Thursday, April 29, 2010

Central Texas Barbecue Series: Iron Works BBQ

I fell a little behind along the book tour in my posts about other barbecue restaurants I've tried on the road. The thing is, of all that I sampled along the way, only the barbecue joints in Austin and Lockhart got me excited. Those places I tried in Atlanta and Birmingham were decent, but not wow. Admittedly, as things got busy, I didn't get to many places in those cities, so I don't consider my sampling to be ample enough for a scientific study.

But if ever there was a control group, it would have to be Central Texas. When I started this book tour, I made a point to leave some time in each city to chow down on the local barbecue. Austin required a longer stay, in part because I hadn't seen my cousin in ages, but also because of the sheer number of restaurants I wanted to hit was staggering.

I reached about half of my list. In Austin, I first went to Ruby's BBQ, which I reviewed here. Next on my list was Iron works BBQ. This place by far got the most thumbs up on twitter, so it was on my must-go list.
When El and I went to lunch at Iron Works, the first indication that it would be good was the full parking lot. The second was the deep smoke that hit us as we walked in.

We ordered at the counter, in full view of the smokers. They had an old pit for holding the meat, but I could see two Southern Pride smokers in the kitchen.

To be honest, I don't love these smokers. They are the standard for restaurants, but I often find something lacking in the 'cue. If you know me and my book, you know I don't take a hardcore stance on smokers. I also know what it is like to run a barbecue restaurant in a city, that has fire and health requirements that don't necessarily allow for a wood pit. But whenever I go to a joint with Southern Pride smokers, I find the meat to be on the dry side.

I hoped Iron Works would prove me wrong.

The meat man at the counter was genuinely friendly. I ordered a combo plate that had brisket, sausage, and a big ol' beef rib, plus sides. I also ordered the pork loin sandwich.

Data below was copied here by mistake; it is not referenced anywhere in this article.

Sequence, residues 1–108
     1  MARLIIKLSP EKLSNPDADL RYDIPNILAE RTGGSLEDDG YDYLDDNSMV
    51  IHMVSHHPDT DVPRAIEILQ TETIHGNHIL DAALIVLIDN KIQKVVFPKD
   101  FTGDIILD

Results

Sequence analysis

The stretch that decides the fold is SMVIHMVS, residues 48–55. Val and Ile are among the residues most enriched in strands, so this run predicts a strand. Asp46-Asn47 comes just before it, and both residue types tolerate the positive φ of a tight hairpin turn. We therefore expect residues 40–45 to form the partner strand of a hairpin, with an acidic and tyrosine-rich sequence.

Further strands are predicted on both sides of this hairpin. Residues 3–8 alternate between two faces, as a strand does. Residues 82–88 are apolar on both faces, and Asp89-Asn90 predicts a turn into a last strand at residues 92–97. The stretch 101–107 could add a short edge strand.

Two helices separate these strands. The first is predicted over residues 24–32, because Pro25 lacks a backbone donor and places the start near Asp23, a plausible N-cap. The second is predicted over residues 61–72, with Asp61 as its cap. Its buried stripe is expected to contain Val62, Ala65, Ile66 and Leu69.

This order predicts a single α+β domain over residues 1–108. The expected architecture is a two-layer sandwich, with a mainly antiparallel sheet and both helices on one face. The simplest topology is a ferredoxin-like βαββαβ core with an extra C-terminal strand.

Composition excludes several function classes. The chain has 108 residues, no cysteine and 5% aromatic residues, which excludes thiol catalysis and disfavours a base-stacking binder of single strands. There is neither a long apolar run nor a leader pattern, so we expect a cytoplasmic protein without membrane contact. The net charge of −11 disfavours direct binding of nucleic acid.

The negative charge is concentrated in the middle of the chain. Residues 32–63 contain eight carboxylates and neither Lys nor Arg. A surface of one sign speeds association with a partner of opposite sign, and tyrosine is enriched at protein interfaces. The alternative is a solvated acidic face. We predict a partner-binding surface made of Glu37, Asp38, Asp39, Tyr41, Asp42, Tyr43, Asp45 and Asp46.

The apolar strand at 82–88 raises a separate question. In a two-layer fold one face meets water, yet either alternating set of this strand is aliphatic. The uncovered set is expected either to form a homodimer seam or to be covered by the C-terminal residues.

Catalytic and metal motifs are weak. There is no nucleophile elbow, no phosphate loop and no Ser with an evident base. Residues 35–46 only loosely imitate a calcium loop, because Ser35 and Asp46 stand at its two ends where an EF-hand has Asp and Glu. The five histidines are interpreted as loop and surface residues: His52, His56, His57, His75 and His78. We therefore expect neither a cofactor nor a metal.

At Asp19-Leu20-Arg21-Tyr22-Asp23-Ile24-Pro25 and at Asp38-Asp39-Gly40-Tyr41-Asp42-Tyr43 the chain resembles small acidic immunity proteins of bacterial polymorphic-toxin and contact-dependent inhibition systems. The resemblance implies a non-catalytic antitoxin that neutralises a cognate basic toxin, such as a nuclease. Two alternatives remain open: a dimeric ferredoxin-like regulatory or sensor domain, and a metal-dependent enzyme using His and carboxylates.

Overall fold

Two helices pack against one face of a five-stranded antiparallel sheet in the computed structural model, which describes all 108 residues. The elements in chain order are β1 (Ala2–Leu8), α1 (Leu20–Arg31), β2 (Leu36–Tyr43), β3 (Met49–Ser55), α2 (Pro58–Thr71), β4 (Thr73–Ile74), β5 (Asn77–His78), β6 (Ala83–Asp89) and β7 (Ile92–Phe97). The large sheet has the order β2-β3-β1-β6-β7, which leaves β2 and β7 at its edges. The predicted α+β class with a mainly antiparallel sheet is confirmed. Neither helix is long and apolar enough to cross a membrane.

First taste went to the brisket. It was a center of the deckle cut (again!), so no bark on my slices, nor any lean. Like, Ruby's, it was good, but not great. I was beginning to think that this is what they throw at the tourists, and give the best stuff to the regulars.

The sausage....mmmm. Again with the sausage. Such a perfect blend of flavors, texture, and deeply smoky. Delish. I want to find sausage in Seattle like this. Or make it.

But the best part, the Queen Bee of the plate, was that beef rib. This baby was so thick, tender, moist, and flavorful, that I forgot all about the brisket. Beef short ribs aren't the easiest cut to serve in a restaurant. They vary in size quite a bit, even on the same rack, they have a fair amount of fat, which can off-put the customer and be tough if not given enough time, dry if too much. It's a tightrope walk. And they are expensive. Most people don't get that they are three times as expensive as pork ribs.

That's why we only do them as a special on Fridays at Smokin' Pete's (though, to be honest, we have them more than that. We only promise them on Fridays).

This beef rib had a lightly sweet rub on it, and cooked to perfection. It almost seemed liked they'd butterflied it, which is something I'll have to try when we get home. Baby girl wouldn't give up the bone.

The sides? Not much to write about. Potato salad from Sysco, or it just tasted that way. Beans, a decent scratch pinto bean that is typical in Texas. The plates were accompanied with white bread, as is the custom in Texas.

The pork loin sandwich? Hmm. I have to say I'd never put a smoked pork loin sandwich on a restaurant menu. There is so little fat in the loin that you can't hold it for any length of time before it dries out. I smoke it at home, and love it. In fact we did it here on Shauna and Danny Ahern's (aka Gluten Free Girl and the Chef) pork blog Pork, Knife & Spoon (more about that later).

The pork loin sandwich, which was dirt cheap at $4.50, was three slices on a naked bun. The meat was on the dry side, no matter how much of their tangy sauce I put on it. HOWEVER, the next day, slathered with mayo and pickles, by golly that sandwich was tasty. So what if it was on the dry side, it's pork loin! It still was flavorful and smoky, and...let me say it...gutsy.